blue dots on a background of brown branching shapes

Lauren Joe, MSc Student

Basic Science category - "The Brain Forest"

DAB staining of a mouse brain injected with an adeno-associated virus (AAV) that expresses eGFP-tagged S3A cofilin (a constitutively active form of cofilin). Cofilin is an actin-binding protein that affects actin dynamics in ALS. Here we can see the branches of purkinje neurons in the cerebellum. This image was captured using brightfield microscopy.

A colllection of colourful emojjis

Dhuha Al-Sajee, Clinical Fellow

Clinical category - "Lymphemojis"

The image is a collection of approximately 15 lymph nodes on 5 slides, three in each. The last one is with salivary gland tissue. After a long work day and screening many lymph nodes for mets, you have to be creative and think outside the box to keep going. These lymph nodes were put in a way that reminded me of emojis.

bright orange streaks on a blue background

Laurent Bozec, Faculty member

Basic Science category - "Collagen as the threads of norms"

Collagen fibrils undergoing enzymatic digestion imaged by Atomic Force Microscopy (image size is 5x5 um).

some skin stained blue

Michelle Malig, Pathologists' Assistant, UHN

Clinical category - "Skin in the game"

Gross macroscopic image of an oriented skin ellipse removed for Merkel Cell Carcinoma, stained with radioactive dye.

small blue and pinks dots on a dark background like stars

Ness Little, MSc student

Basic Science category - "Messier 64"

Reminiscent of outer space, Messier 64 is inspired by the ‘Black Eye Galaxy’ of the same title. The galaxy shows an immunofluorescence image of a whole human corneal endothelium transfected with adeno-associated virus (AAV). GFP expression is used to visualize cells infected with AAV2/5 and is shown here in purple and orange.

purple, pink and white shapes

Ngoc-Nhu Jennifer Nguyen, Resident

Clinical category - "Onigiri"

Bladder mass showing on light microscopy a mucinous adenocarcinoma. Haematoxylin & eosin.

lego figures set up to do surgery

Tobi Lam, Translational Research Program student

Basic Science category - "I forget your name but I know we work together"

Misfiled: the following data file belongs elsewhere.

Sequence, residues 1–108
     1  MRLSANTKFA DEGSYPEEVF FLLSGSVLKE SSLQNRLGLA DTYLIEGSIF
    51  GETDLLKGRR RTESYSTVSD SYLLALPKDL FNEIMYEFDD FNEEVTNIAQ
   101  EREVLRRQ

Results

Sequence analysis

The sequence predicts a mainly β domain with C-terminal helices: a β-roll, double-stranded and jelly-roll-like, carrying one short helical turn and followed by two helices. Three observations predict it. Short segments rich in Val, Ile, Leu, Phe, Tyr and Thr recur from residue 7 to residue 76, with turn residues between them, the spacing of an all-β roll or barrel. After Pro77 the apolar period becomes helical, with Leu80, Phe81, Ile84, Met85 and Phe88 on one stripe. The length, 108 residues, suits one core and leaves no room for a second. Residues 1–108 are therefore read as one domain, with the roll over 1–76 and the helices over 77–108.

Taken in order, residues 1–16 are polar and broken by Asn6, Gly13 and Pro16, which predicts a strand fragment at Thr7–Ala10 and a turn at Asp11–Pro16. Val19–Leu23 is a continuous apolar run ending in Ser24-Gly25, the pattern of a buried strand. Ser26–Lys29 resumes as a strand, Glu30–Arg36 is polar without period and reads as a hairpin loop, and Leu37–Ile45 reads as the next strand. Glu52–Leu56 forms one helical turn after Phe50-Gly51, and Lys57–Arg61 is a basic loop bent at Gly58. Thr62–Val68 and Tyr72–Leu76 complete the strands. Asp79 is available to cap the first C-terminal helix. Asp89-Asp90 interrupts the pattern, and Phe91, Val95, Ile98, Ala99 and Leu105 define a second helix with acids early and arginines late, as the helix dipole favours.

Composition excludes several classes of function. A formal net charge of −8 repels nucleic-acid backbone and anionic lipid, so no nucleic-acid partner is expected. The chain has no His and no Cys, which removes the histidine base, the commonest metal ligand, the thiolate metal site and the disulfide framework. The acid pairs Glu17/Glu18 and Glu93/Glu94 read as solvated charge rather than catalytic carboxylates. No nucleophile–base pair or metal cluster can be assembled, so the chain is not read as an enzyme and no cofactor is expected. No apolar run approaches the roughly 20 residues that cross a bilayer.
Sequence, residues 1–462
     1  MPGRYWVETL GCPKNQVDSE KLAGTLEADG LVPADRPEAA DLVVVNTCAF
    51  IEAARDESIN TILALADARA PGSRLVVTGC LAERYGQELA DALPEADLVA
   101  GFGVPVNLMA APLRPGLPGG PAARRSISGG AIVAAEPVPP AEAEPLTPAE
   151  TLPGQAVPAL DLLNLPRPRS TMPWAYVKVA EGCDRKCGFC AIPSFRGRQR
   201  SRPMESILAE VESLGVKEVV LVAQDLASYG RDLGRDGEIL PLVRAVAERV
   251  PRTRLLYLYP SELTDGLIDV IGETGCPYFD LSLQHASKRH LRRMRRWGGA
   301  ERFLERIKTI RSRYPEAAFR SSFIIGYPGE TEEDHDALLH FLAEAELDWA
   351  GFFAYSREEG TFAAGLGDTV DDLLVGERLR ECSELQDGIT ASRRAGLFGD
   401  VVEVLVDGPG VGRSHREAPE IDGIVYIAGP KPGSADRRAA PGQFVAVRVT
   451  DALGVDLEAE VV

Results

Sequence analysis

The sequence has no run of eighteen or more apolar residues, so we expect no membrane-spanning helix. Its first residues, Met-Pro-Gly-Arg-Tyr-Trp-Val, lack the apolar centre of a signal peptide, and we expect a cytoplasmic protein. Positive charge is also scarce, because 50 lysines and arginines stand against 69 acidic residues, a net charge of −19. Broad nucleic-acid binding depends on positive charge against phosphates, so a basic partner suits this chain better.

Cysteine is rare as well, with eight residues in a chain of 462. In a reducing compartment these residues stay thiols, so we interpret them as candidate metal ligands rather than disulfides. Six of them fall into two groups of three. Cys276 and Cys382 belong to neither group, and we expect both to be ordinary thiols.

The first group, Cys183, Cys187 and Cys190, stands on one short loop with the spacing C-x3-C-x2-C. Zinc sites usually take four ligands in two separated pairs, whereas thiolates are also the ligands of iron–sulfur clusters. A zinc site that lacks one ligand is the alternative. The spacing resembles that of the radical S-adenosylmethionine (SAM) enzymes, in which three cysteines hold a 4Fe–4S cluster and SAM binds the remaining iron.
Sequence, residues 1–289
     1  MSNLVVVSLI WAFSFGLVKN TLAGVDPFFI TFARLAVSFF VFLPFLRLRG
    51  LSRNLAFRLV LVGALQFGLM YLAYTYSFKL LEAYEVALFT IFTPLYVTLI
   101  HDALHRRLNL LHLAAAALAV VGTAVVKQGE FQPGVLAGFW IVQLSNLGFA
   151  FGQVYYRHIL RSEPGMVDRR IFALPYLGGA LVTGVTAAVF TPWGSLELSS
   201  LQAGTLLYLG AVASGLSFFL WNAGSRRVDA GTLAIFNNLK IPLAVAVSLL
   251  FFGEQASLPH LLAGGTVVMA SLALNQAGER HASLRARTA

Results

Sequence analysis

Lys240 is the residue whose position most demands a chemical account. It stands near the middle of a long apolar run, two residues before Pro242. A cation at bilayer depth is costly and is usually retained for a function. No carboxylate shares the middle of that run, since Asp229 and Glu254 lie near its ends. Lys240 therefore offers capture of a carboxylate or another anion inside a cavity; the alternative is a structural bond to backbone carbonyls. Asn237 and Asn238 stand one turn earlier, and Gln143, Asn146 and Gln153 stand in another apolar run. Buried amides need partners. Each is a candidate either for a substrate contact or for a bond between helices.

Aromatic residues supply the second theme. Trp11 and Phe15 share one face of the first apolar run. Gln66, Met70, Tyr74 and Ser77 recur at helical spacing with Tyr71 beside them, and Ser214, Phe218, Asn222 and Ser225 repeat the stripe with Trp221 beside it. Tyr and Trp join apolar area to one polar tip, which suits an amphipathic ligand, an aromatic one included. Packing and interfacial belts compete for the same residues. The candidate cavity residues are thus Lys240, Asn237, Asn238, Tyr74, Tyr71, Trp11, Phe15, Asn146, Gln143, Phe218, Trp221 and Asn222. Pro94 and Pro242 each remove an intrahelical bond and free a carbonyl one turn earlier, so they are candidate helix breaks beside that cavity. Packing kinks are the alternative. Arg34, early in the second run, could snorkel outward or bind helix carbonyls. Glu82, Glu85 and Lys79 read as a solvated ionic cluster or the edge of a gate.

This image depicts a model of the operating room, highlighting the people who are working in teams under dynamic uncertain conditions sometimes without knowing each other's names. I made this Lego model during the pandemic when we couldn't conduct research in-person.

colourful lines within a circle

Ramzi Fattouh, Faculty member

Clinical category - "Emergence and Spread of the SARS-CoV-2 C29200T Mutation in Canada"

Maximum-likelihood tree of SARS-CoV-2 in Canada (2020-2021) showcasing the emergence and spread of a mutation (C29200T) that caused gene-target dropout in a commonly employed diagnostic PCR test. Colours (yellow, orange, red, etc) indicate the province where the patient sample was collected. Uncoloured equals sequences without the mutation, used as controls. Sequence lineages also indicated. Colour/Image enhancements applied for display purposes.

coloured circles in a line

Alena Zelinka, PhD candidate

Basic Science category - "Diversity during development"

Gene expression fingerprints of cell populations in a developing cartilage organoid model, determined by single cell RNA sequencing. Circle colour and size represent average gene expression and percent of cells which express the gene of interest, respectively. Image created using RStudio and Seurat R package.

orange dots through a microscope with petri dishes in the background

Gregory German, Faculty member

Clinical category - "Get Real (Sick) or Got Junk: at hospital blood culture bench"

View of a blood culture slide at 1000X final magnification containing gram-positive material in the centre, likely an artifact, with red blood cells and two lymphocytes present.  In the background is a wall of used petri plates of different colours and ingredients used for culturing organisms.  Blood cultures are the single most important test conducted in microbiology and require excellent collection technique to maintain quality and good patient care.  While the test is over 100 years old there is a great deal of importance on reducing stain artifacts.